The following guest contribution was written by Jonathan Gordon, a senior at the University of Notre Dame with plans of attending law school. The founder of Sports Analytics Blog, Jonathan invites you to connect with him on Twitter and LinkedIn.
Earlier this year, the New Orleans Saints placed a non-exclusive franchise tag on Jimmy Graham. The Saints believe Graham should be compensated as a tight end ($7.07 million) because he is officially listed as a tight end. Graham and his agent, however, believe he should be compensated as a wide receiver ($12. 3 million) because of how often he played there. The two parties have proceeded to arbitration, where an arbitrator will make the final decision. For “franchise-tagging” purposes, is Graham a tight end? Or a wide receiver?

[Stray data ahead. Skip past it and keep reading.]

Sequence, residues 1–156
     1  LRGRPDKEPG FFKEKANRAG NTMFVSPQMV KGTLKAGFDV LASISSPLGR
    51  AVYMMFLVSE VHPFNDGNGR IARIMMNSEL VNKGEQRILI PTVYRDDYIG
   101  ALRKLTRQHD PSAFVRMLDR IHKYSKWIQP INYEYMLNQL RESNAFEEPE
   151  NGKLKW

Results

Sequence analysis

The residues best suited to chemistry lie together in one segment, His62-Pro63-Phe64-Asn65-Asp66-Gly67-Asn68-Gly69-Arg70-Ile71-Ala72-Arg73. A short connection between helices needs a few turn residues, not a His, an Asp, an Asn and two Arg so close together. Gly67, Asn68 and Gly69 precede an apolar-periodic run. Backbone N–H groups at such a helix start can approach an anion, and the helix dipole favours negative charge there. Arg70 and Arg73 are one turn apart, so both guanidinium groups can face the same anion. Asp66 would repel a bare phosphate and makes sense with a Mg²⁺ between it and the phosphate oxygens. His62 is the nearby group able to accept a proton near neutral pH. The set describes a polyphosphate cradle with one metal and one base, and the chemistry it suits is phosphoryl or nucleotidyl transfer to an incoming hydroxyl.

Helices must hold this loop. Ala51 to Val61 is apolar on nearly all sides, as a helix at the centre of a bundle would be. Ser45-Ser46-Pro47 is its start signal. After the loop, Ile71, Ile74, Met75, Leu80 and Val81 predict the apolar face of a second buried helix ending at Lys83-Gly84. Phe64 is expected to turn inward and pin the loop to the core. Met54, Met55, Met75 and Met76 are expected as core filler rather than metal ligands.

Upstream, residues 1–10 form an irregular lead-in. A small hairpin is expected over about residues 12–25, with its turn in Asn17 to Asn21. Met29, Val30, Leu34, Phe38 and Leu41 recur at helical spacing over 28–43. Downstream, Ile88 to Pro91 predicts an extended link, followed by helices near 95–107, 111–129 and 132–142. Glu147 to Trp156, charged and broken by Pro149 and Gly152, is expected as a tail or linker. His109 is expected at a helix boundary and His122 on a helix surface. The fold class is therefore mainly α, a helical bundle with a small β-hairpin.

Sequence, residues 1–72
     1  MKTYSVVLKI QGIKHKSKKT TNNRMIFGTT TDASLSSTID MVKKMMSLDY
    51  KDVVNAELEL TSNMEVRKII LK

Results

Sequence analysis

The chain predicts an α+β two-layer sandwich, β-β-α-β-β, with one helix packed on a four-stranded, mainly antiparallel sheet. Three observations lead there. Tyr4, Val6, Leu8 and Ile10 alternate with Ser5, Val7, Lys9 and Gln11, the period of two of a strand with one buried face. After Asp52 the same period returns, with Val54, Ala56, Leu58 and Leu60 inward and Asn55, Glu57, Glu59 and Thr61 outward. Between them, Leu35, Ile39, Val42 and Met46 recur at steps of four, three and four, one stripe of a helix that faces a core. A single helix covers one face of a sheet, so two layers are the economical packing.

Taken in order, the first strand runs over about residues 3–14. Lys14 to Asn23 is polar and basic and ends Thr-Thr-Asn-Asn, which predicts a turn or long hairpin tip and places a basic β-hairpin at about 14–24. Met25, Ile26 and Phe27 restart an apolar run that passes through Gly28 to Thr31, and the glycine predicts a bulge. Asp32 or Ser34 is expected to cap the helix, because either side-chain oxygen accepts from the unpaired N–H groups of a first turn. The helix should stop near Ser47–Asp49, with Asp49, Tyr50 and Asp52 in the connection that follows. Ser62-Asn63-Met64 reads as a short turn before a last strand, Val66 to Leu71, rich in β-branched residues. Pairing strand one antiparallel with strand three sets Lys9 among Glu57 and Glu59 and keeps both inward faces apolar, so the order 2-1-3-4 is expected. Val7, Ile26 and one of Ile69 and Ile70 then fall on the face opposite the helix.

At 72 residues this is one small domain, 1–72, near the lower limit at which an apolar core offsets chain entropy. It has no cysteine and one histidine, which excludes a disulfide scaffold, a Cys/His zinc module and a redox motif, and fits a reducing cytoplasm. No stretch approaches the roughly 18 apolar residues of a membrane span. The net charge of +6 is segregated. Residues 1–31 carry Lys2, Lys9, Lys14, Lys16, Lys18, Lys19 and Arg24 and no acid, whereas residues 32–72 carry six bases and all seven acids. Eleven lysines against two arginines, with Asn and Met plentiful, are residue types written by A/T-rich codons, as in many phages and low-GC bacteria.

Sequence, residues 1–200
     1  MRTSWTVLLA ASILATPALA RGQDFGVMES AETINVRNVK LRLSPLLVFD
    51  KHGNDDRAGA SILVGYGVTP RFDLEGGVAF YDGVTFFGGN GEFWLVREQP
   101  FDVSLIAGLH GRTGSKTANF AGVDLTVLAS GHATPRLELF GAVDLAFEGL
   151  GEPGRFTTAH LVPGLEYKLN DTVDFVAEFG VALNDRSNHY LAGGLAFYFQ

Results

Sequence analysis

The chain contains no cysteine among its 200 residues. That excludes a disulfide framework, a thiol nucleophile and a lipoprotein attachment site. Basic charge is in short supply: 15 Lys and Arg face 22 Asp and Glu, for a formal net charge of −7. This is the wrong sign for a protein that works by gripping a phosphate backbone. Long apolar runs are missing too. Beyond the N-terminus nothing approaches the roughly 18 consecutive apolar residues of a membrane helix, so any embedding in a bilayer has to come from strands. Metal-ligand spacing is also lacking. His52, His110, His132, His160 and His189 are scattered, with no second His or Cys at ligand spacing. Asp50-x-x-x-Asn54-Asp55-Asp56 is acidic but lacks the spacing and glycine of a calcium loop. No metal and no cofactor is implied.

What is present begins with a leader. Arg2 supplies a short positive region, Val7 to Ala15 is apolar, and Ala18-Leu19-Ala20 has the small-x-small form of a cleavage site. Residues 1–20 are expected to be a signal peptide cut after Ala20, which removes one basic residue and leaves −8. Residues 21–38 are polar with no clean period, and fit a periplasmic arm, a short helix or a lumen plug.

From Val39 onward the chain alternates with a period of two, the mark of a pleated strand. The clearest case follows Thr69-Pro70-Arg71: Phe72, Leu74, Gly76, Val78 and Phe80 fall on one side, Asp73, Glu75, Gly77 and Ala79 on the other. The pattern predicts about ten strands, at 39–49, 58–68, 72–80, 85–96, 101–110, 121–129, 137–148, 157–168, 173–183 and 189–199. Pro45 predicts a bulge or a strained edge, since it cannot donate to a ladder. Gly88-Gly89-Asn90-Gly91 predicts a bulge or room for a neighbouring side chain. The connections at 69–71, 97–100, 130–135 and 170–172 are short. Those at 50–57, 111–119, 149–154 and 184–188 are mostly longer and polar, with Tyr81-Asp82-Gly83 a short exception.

Interestingly, in his Twitter bio, Graham describes himself as a tight end.
The media has used this to suggest that Graham’s Twitter bio could cost him millions of dollars. No, it won’t. (Or at least, it shouldn’t.)
Section 2 of Article 10 of the NFL CBA states that the nonexclusive franchise tag pays players depending on “the position at which the Franchise Player participated in the most plays during the prior League Year.” There is no mention of team meetings, jersey numbers, listed position, or Twitter bios.
The arbitration decision will eventually come down to whether or not the arbitrator believes Graham played more at the tight end position or at the wide receiver position. Graham seems to have a strong case as he lined up “either in the slot or out wide 67% of the time”.
Salaries are designed to compensate players for performance. Despite what his Twitter bio suggests, Graham performed mostly as a wide receiver. An arbitrator will soon decide if he should be compensated as one.